Remarks at the Pan-African Youth Innovation Forum
June 21, 2023
Good morning. Thank you to the Lagos Business School and Co-Creation Hub for hosting me, and to all of you for joining us—including those of you who are here virtually.
The last time I visited Nigeria, in 2018, I spoke to government leaders about your country’s potential for growth.
This time, I wanted to speak also with you: Nigeria’s next generation of innovators.
Ever since I was a teenager, writing computer code on a terminal at my high school, and later at Microsoft, I have loved the feeling of innovating to make something a little better for people—or a lot better.
I’m sure you know this feeling too.
There’s going to be a lot of opportunity for you to continue to make a difference in the world, because of the unprecedented potential of new technologies.
Even though Nigerians are still facing many of the challenges I talked about five years ago—and you’re having to contend with economic instability and security threats—I have a lot of faith that your generation will persevere and improve lives throughout Nigeria and beyond.
When it comes to making the world a better place, talented young people are a powerful asset.
Nigeria has one of the biggest youth populations in the world, and it’s growing fast. That represents a lot of potential skills and passion to solve big problems.
Yesterday I met some impressive Nigerians whom the Gates Foundation has been partnering with for years. These scientists are improving seeds, fertilizer, and biopesticides so farmers can thrive in the face of climate change and grow crops free of toxins.
And I met with a researcher scaling up an effective way to reduce anemia in pregnant women.
And while I didn’t get to visit this time, I hope in the future I get to see LBS’s Virtual Human Computer Interaction Lab, where researchers are figuring out how virtual and augmented reality can contribute to solving the world’s problems.
For young people to shine like this, they need support, starting with a great education. In this capacity, Nigeria has a strong foundation, with some of the best educational and research institutions across the continent. In Africa, Nigeria is a hub for venture capital and financial technology.
There are also many exciting innovations in the global pipeline that are going to improve lives here in Nigeria. They’re going to prevent infectious diseases, provide life-saving interventions for mothers and babies, make food more nutritious, and give women more convenient contraception options. Down the road, artificial intelligence will be applied in ways that will bring quality health care and education to more people.
In addition to the science and health sectors, I’m also excited by what I've seen in Nigeria’s booming creative industries.
Afrobeats are popular everywhere. My daughter Phoebe loves Burna Boy and Rema, and I got to see Davido and Wizkid perform live, here in Lagos.
My kids don’t usually think I’m cool, but that won me some points.
It’s not just music. Nigerian authors are producing incredible work—and the world is noticing.
And the success of Nollywood is amazing. Your film and music industries provide jobs for more than a million people, and add trillions of naira to the economy each year.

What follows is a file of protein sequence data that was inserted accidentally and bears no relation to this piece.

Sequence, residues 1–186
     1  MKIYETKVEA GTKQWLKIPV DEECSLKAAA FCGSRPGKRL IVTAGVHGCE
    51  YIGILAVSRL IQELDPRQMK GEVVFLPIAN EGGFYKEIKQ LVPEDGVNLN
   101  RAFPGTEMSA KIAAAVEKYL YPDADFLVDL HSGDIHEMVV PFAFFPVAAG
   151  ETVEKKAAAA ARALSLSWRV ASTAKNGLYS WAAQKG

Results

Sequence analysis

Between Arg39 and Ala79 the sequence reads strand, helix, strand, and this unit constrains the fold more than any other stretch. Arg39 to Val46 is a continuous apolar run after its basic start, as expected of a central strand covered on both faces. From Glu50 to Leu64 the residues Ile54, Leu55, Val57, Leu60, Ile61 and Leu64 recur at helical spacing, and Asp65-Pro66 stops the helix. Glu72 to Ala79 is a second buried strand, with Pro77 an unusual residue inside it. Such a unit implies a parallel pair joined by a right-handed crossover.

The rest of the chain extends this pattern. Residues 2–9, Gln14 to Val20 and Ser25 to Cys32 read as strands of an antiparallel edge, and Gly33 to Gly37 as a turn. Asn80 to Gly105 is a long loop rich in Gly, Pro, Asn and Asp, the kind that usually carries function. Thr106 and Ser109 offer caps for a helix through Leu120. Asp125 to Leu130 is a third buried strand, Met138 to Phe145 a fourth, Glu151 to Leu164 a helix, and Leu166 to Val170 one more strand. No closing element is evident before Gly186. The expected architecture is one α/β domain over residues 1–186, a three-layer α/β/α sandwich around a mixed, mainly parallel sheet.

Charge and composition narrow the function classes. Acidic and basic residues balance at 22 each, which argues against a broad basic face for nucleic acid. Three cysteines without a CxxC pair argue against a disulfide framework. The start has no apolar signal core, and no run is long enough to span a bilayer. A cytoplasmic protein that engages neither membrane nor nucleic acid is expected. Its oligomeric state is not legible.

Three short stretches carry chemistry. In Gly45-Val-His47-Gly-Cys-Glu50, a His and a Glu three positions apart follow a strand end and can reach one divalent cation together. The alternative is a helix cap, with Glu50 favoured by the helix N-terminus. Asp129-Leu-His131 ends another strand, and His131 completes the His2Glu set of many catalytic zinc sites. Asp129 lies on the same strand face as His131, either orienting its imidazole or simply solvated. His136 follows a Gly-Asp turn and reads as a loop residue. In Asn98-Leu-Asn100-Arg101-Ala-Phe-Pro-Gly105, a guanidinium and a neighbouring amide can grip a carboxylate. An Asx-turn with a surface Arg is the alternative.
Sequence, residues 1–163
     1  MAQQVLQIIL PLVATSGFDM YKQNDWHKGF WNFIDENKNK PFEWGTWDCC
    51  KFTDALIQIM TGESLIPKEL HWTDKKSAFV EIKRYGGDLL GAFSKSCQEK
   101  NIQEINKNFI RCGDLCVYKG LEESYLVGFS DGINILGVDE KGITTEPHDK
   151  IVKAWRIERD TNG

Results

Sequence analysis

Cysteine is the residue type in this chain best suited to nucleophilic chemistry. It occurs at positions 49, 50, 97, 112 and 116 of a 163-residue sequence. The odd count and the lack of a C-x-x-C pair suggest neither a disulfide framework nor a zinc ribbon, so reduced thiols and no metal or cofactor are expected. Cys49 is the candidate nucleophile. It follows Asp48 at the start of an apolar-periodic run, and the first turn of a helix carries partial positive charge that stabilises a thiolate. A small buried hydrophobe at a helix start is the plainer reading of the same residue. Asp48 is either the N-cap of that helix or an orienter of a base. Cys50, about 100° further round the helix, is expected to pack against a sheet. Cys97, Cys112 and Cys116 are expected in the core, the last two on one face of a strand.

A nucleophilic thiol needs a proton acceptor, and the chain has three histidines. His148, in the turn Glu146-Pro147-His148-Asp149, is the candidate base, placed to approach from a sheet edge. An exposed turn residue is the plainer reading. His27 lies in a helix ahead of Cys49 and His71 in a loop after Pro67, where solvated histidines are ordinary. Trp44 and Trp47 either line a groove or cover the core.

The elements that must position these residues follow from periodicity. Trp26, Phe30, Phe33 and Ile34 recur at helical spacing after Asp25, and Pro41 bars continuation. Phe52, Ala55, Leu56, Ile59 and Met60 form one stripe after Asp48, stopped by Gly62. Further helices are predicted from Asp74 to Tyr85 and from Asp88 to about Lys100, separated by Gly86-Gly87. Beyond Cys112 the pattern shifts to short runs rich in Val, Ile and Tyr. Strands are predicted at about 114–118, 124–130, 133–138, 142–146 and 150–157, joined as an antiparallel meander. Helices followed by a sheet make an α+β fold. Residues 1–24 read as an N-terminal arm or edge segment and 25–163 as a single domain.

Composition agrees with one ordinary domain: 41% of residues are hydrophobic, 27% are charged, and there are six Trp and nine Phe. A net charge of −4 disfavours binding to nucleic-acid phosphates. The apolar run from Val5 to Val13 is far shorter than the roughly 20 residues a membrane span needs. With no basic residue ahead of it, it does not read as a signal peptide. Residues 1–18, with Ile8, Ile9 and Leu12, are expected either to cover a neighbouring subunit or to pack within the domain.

These creatives and entrepreneurs demonstrate the vibrancy of Nigerian culture and are evidence of how Nigeria can bring amazing things to the world.
That kind of talent and determination should also be used to close the big equity gaps in the country.
Many of you have been part of the revolution in digital financial tools in Nigeria.
I’ve gotten to meet people around the world whose lives were changed once they were able to reliably save, transact, and borrow money through digital devices.
It’s inspiring to see the rapid innovation and widespread uptake—at least in this part of the country.
Some of the payment apps that most of you use didn’t even exist a few years ago. They were scaled up really quickly to meet the country’s urgent need for cashless transactions.
But as great as these apps are for those who have them, they’re a good example of how progress has not been distributed equitably.
You’ve got seamless access to accounts and payments on your phone. But if your loved ones live in a rural part of the country, chances are they do not have that same access.
Nigerians living in urban areas are twice as likely to make digital payments as those in rural areas. Everyone should have that access.
To make that possible, you need a more reliable telecom network, more agents, and more people connected to the digital ID system—everywhere in the country.
There are equity gaps like this to close in health and education too. A mother’s chance of surviving childbirth, and her baby’s chance of thriving in childhood, has a lot to do with the luck of where they’re born.
In some Nigerian states, most women give birth in a place where they have the help of skilled birth assistants. But in other states, 90 percent of women deliver at home, where they may not get life-saving care.
Inequality isn’t just about where you are born, but also your gender.
For example, the gender gap in labor force participation has nearly doubled in the last decade.
Men are more than twice as likely as women to have a mobile money account.
In some states, nearly 9 in 10 women have no education at all.